“Who wants Pizza Hut?” – El Salvador’s president Nayib Bukele publicly asked while sharing the above image on the day a new law came into force that makes it mandatory to accept bitcoin in the country for all merchants that have the technical means to do so.
While some granny selling bananas on the street may be unable to accept the new global currency, corporations like McDonald’s have already began rolling out the new payment method.
Please scan the code to pay, the new receipt says. Aaron van Wirdum, a bitcoin journalist, publicly stated:
“Just walked into a McDonald’s in San Salvador to see if I could pay for my breakfast with bitcoin, to be honest fully expecting to be told no.
But low and behold, they printed a ticket with QR that took me to a webpage with Lightning invoice, and now I’m enjoying my desayuno traditional!”
You can still pay in dollars of course, but now those in El Salvador have the choice to pay for everything in bitcoin.
That includes taxes, fines, licenses, as well as the taxi man, the bus, the rent, the weekly shopping, and even debts that you may owe to the bank.
Living on bitcoin here has become a right, something difficult to imagine even a few months ago and a bit difficult to comprehend even as it unfolds.
Corporations have had months of notice, so government and established business service providers are now bitcoining with it interesting to see whether El Salvador will experience bitcoin tourism as individuals may well want to see for themselves just what all this feels like.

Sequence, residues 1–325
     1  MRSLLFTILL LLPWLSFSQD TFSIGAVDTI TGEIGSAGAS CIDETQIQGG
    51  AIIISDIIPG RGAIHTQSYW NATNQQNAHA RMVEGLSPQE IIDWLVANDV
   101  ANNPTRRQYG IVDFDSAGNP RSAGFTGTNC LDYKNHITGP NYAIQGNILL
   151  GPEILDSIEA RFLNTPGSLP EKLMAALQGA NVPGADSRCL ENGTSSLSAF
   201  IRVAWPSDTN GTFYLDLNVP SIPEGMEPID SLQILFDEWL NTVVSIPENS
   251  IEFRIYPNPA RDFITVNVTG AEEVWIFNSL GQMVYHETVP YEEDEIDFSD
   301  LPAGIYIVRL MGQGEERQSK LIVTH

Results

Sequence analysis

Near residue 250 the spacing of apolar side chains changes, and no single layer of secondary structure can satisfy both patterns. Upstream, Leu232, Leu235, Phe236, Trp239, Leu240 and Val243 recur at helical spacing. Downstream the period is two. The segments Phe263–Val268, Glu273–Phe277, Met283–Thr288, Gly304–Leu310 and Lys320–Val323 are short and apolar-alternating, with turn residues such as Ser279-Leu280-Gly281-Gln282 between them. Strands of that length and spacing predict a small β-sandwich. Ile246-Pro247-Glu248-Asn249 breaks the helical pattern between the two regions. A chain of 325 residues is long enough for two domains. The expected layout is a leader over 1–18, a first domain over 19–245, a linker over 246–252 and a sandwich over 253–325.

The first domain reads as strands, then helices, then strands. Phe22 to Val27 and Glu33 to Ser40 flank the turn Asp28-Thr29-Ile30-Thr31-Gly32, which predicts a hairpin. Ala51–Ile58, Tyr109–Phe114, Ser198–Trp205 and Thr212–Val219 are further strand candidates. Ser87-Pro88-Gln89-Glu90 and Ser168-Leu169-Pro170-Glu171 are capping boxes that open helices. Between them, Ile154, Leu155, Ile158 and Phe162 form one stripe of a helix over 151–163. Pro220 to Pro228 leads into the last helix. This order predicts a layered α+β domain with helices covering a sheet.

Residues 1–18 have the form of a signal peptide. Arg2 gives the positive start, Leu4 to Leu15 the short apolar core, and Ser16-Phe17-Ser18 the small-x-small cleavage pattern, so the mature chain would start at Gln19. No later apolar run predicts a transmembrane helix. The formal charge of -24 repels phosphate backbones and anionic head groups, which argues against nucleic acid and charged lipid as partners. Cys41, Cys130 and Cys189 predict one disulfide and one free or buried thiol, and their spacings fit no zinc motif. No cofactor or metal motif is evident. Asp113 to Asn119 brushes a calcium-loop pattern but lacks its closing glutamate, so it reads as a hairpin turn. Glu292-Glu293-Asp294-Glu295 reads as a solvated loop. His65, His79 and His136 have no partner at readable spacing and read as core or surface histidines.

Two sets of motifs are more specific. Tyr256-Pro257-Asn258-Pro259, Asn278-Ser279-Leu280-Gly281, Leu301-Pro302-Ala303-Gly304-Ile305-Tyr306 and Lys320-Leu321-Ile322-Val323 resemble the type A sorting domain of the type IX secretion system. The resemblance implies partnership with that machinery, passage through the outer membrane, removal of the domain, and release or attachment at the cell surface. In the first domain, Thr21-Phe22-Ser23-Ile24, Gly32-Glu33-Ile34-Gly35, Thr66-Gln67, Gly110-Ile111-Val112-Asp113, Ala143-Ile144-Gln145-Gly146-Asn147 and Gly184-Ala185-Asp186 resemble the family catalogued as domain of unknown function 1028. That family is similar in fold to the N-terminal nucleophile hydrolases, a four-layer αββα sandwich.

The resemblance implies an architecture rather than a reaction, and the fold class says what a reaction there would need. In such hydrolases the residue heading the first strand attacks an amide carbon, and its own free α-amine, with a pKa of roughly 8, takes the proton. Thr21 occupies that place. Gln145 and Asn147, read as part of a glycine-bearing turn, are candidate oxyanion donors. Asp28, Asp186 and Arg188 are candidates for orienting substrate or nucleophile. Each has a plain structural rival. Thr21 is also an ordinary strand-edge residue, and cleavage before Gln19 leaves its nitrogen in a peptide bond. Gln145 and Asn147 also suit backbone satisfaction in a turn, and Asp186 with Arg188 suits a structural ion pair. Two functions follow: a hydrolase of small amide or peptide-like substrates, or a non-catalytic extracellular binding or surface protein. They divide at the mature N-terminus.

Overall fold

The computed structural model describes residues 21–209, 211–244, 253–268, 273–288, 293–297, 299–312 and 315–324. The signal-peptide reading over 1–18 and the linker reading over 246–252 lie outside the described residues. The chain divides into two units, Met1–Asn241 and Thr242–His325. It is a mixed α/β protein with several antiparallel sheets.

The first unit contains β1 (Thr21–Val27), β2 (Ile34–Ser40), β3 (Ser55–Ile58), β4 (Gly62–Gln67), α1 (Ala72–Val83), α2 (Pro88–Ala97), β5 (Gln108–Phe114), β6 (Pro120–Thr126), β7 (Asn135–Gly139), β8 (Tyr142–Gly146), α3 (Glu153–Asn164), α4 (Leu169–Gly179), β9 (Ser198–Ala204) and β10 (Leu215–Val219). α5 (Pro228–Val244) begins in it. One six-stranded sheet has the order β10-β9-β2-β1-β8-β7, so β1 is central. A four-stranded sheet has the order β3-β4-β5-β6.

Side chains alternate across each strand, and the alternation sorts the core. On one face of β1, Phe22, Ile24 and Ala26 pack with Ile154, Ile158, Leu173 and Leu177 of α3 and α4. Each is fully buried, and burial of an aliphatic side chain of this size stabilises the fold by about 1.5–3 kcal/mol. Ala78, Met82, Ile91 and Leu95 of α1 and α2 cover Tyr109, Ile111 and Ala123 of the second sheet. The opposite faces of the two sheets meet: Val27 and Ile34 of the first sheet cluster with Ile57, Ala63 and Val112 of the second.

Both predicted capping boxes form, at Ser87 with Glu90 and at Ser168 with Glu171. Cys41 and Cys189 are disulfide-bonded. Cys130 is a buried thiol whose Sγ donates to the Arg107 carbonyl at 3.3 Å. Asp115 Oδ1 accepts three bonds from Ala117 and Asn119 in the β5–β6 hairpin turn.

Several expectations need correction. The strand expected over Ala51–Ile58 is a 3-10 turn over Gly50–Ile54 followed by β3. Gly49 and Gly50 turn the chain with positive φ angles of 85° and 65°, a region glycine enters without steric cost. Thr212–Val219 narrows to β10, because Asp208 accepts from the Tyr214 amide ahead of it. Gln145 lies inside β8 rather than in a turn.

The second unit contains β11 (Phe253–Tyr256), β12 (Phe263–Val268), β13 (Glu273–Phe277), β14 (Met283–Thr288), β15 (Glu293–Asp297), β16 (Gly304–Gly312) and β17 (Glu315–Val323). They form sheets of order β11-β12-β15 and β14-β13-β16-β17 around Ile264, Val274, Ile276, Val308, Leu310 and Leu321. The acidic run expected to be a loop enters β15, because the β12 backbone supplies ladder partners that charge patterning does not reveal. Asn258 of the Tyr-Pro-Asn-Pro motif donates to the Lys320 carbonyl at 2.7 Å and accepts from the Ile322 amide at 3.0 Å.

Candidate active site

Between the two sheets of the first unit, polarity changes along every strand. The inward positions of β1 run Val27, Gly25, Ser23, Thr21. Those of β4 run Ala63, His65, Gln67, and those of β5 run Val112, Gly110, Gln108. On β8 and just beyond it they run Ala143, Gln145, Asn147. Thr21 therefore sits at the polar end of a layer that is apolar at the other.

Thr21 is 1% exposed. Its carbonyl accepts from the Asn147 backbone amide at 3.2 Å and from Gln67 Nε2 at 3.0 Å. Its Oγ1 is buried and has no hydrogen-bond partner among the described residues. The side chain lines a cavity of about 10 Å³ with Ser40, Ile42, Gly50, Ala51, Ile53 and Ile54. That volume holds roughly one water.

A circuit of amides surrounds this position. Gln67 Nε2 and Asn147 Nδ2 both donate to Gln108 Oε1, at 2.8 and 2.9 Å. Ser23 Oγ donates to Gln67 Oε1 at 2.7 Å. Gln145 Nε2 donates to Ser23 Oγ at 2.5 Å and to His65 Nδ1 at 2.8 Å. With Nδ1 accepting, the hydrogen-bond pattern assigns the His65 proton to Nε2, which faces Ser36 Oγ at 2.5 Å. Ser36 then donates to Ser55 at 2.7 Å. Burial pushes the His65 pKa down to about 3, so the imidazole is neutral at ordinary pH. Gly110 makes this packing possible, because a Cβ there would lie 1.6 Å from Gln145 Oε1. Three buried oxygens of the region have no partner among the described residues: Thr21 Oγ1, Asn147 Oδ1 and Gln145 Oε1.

The government issued bitcoin wallet called Chivo topped Apple’s App Store as the roll out unfolds with it a bit glitchy at the beginning, but now seems to be running smoothly.
El Salvadorians get $30 in bitcoin for just downloading the app, with this forgotten country so finding itself at the forefront of this pioneering age.
The just about millennial Bukele is deeply popular there, credited with bringing crime under control. Some have protested against this bitcoin rollout however, but they have been very small, attended by barely a dozen participants.
Generally therefore El Salvadorians seem to back this move that distinguishes their country fully as living on bitcoin is now state sanctioned, something that may well attract tourism as long as they remain the unique offering.